Okay, so now we know that salted caramel sauce is the one true god, I’m not going to insult your intelligence by telling you it’s the easiest thing to make. I mean, it’s simple enough. There’s only 4 ingredients. The thing about caramel though is that there is a very fine line between deliciously dark and acridly burned. You have to be brave when browning the sugar but not foolhardy. The best caramel teeters right on that line between sweet and bitter.

It definitely helps to have the right tools (I found this link to a tumblr that’s just people posing with giant spoons and had to include it here. Thank you for understanding). Seriously though, you’ll need a good, heavy saucepan. It should be larger than you’d think, 2 or 3 quarts is perfect. A rounded bottom is ideal but not required. An instant-read thermometer would also be extremely useful. It will help in that panicky moment between perfect and ruined.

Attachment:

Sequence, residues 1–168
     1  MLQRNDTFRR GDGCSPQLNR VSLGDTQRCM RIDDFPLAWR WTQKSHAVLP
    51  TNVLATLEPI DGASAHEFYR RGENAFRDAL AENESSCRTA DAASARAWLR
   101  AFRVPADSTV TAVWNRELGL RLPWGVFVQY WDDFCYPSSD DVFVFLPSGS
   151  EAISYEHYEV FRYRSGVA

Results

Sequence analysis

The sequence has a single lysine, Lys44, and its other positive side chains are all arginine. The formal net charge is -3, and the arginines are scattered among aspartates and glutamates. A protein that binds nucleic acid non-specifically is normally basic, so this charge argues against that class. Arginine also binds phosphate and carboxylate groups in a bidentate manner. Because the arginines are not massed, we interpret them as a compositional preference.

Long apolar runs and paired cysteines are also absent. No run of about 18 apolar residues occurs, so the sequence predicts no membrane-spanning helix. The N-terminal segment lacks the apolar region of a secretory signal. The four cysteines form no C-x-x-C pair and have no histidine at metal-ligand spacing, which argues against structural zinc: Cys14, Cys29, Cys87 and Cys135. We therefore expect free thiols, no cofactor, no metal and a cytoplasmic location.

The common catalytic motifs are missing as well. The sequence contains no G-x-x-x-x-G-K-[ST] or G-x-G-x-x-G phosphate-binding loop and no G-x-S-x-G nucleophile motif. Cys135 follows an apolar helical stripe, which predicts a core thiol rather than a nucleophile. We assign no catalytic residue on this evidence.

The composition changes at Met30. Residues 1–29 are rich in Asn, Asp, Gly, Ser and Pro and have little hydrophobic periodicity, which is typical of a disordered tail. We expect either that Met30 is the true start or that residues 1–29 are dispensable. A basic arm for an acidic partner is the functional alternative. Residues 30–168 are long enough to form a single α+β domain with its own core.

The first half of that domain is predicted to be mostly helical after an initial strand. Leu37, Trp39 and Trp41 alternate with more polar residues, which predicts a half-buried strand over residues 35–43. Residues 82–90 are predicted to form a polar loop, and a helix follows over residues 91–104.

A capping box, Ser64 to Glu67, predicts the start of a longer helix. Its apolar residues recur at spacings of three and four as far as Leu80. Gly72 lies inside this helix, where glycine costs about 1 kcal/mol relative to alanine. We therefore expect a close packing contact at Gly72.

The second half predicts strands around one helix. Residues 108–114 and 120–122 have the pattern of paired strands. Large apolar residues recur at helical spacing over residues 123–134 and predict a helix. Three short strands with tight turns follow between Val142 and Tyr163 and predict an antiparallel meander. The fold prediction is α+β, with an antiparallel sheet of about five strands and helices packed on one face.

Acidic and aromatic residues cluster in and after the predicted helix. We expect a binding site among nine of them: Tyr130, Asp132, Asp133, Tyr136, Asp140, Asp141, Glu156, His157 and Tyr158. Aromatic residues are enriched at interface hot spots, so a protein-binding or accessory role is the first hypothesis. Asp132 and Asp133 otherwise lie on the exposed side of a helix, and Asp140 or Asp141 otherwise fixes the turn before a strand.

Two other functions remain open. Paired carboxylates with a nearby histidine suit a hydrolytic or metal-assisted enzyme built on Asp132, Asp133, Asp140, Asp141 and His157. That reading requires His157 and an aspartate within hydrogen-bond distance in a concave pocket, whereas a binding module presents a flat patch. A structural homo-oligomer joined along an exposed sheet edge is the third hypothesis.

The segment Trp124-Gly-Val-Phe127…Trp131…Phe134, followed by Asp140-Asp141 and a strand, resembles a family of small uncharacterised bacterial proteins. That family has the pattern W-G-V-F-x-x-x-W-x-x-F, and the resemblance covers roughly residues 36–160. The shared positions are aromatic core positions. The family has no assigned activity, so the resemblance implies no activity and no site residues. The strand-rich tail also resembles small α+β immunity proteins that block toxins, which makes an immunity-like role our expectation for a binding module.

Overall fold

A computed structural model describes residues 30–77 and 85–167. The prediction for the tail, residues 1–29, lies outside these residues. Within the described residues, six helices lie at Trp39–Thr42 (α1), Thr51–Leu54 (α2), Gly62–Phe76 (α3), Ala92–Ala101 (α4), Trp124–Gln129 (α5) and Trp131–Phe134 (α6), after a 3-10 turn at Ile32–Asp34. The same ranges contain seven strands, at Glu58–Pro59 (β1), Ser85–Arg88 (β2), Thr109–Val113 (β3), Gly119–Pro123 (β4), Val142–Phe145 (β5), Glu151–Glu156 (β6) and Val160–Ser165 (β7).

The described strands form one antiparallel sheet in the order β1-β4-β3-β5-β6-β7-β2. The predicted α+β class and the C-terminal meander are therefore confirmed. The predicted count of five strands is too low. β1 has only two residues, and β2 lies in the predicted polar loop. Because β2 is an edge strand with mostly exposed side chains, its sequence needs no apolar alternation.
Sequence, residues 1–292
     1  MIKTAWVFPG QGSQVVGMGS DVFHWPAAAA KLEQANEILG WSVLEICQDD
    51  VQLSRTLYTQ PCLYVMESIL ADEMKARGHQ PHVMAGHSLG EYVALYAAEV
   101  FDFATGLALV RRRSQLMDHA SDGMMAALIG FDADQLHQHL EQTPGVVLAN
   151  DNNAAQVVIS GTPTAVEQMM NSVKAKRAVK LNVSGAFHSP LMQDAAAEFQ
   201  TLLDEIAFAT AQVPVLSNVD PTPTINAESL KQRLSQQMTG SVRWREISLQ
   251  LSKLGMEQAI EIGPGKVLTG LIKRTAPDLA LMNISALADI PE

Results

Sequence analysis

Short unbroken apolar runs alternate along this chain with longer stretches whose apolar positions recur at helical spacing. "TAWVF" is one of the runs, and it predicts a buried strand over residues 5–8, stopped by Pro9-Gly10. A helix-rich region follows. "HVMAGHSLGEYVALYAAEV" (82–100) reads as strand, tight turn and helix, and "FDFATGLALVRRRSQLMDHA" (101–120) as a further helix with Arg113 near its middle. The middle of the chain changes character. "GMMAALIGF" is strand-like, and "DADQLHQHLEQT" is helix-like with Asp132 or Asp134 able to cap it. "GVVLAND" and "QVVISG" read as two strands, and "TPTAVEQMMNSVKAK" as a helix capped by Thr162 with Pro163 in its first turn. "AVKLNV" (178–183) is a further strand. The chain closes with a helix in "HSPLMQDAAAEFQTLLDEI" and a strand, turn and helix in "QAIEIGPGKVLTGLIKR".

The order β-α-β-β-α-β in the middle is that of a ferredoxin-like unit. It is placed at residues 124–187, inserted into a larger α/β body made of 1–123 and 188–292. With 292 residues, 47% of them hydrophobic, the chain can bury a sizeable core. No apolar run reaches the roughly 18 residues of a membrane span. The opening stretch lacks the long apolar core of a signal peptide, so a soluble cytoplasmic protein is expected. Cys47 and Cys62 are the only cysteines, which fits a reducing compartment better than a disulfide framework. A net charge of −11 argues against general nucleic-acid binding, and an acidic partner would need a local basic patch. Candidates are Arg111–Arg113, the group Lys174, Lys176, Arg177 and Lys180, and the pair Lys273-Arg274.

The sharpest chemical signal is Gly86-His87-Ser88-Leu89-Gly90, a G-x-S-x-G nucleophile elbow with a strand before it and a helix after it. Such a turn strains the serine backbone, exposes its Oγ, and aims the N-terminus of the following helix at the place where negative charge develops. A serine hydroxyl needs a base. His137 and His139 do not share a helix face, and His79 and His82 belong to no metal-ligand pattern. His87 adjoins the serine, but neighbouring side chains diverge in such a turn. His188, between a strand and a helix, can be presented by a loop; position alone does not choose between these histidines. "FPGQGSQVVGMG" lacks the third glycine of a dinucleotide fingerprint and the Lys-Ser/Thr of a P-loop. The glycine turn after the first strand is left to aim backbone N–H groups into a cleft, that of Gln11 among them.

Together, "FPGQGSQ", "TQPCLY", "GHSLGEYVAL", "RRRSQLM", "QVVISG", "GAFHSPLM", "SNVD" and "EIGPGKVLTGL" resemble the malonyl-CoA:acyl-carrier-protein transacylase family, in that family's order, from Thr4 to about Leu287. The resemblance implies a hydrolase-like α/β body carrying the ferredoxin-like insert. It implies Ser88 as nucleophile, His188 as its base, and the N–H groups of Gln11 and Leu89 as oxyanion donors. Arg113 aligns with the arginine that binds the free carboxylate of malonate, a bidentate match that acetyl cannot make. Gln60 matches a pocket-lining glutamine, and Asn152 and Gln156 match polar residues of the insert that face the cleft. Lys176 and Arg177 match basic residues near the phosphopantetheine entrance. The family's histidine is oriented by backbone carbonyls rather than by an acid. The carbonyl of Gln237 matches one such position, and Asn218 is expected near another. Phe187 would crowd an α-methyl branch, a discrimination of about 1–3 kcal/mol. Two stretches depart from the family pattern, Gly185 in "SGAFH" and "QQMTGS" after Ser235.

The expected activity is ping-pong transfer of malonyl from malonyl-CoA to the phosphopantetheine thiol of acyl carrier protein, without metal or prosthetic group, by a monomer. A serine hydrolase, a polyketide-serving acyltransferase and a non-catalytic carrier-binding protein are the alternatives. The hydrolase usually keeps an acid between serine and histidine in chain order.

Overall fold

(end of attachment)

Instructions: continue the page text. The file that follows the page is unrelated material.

Salted caramel sauce

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Arugula, Tomato and Mozzarella Salad

imageMatt and I used to live just around the corner from one of the best Italian specialty stores in Brooklyn. Caputo’s. Oh dio, this place is fantastic. They import the best stuff from Italy and make their own sausages and fresh pastas. They also make mozzarella and ricotta several times a day so it’s always extremely fresh. Needless to say, we were there a lot.